• Make monsters from ICRPG. This monster is 1H and rolls a d6+2 to hit. (Need to work out armour a bit better in my head)

“To hit” is not something I would translate into this sort of PbtA structure. Remember DW’s Hack&Slash move. You fail to H&S the monster properly, you take damage! As a GM, you can easily do your monster’s damage (deal damage GM move) as a move if your player fails his “I slash him with my sword” risky move. Also about armor, “armor reduces damage taken in a 1 by 1 basis” to me fits perfectly. DW already does this and if you also add the “you always take at least 1 damage” extra bit, you can have ICRPG characters sporting that sweet sweet armor LOOT and stacking up to 10 but still having to stop and heal once in a while. It’s simple, it’s fast, it keeps CORE LOOT as it is. And I playtested it a lot at this point! haha

Also about monsters. I personally think that DW’s approach to monsters is perfect for this. They just have damage, armor, tags, instinct and moves. This means monsters are narrative and simple, and CORE monsters are also super easy to “convert” to that framework as their action structure is already built like monster moves from DW.

• Use abilities and paths from ICRPG as open options for levelling up.

Yes! Also DW’s moves as LOOT!

Just thinking, could get rid of the d4/d8/d12 effort die and use that Adv/Dis with d6s for effort instead.

Yeah you can do that, but again, it makes ICRPG CORE less compatible. Also, the only advantage I see in using d6 only is accesibility (d6 are common dice), but this is a hack for 2 games that already use all of the funny dice so…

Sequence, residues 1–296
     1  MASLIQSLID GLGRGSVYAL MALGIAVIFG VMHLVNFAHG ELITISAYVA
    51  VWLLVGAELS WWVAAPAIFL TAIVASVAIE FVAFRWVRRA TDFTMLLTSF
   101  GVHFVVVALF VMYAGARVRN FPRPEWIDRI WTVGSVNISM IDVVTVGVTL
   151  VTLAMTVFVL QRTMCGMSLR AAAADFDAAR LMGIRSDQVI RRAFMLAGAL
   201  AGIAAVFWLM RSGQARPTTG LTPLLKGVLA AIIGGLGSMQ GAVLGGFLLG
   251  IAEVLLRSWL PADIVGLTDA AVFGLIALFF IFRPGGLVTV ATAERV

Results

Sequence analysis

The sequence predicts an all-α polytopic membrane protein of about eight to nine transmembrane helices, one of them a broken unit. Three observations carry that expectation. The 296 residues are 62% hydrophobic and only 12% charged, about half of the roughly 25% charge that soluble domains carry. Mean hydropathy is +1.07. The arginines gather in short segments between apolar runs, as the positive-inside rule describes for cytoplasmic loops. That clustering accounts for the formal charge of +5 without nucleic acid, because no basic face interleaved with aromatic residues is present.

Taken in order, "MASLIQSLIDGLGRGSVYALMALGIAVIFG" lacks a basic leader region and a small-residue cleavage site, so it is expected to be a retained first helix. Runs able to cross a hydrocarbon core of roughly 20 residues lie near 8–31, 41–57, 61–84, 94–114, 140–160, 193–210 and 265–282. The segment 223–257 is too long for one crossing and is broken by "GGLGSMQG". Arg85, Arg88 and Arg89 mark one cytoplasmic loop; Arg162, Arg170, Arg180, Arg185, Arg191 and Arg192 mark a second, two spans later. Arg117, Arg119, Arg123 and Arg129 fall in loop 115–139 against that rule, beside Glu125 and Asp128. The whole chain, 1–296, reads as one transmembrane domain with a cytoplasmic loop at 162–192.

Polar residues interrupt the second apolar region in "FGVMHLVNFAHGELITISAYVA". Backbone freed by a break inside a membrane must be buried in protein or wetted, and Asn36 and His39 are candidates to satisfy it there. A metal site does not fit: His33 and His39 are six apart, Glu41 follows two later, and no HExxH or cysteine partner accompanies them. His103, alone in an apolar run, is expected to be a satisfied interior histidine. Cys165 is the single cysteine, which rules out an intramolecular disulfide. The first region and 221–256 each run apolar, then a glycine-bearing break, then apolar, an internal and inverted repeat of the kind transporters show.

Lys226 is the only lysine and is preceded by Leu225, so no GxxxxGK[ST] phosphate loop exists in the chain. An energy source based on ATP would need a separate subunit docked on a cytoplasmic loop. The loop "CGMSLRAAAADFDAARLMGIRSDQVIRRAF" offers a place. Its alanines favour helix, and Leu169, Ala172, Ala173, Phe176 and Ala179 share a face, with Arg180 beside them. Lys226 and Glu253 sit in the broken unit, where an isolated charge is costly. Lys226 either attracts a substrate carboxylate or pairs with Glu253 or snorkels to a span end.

1 Hart might need to be 20hp though…?

You see why I praise compatibility so much? haha I want to keep using my ICRPG books with minimal work, but with a core gameplay hook that works like DW.

EDITS: Wording, typos, etc. English is hard lol

#54

So in this case a D6 ICRPG with the PbtA 2D6 mechanic?

If so, then I would go like this:

• basic = D3 (D6 halved) ;
• tools / guns (or heavy weapons) / magic = D6;
• ultimate = 2D6,
• Points in basic, tools, guns, ultimate would give a +1 in that effort roll as normal

In this case, since all would be D6, efforts would follow a bit of the route of skills (disassociating weapons from tools)

#55

I just kind of like rolling a d20. But I haven’t actually tried playing any 2d6 system so far, so who knows?

Me personally, I rather like the low numbers, they are just easier to handle.

sounds great as a milestone!

The bell curve does not matter much I think, because in the end, whether you use a d20 or 2d6, there is each a percentage for fail, partial sucess and success. and with the d20 system you can change those margins with 5% increments.

#56

Maybe you could go something like this:
d4 => 2d6 drop high
d6 => d6
d8 => 2d6 drop low
d10 => ???
d12 => 2d6

#57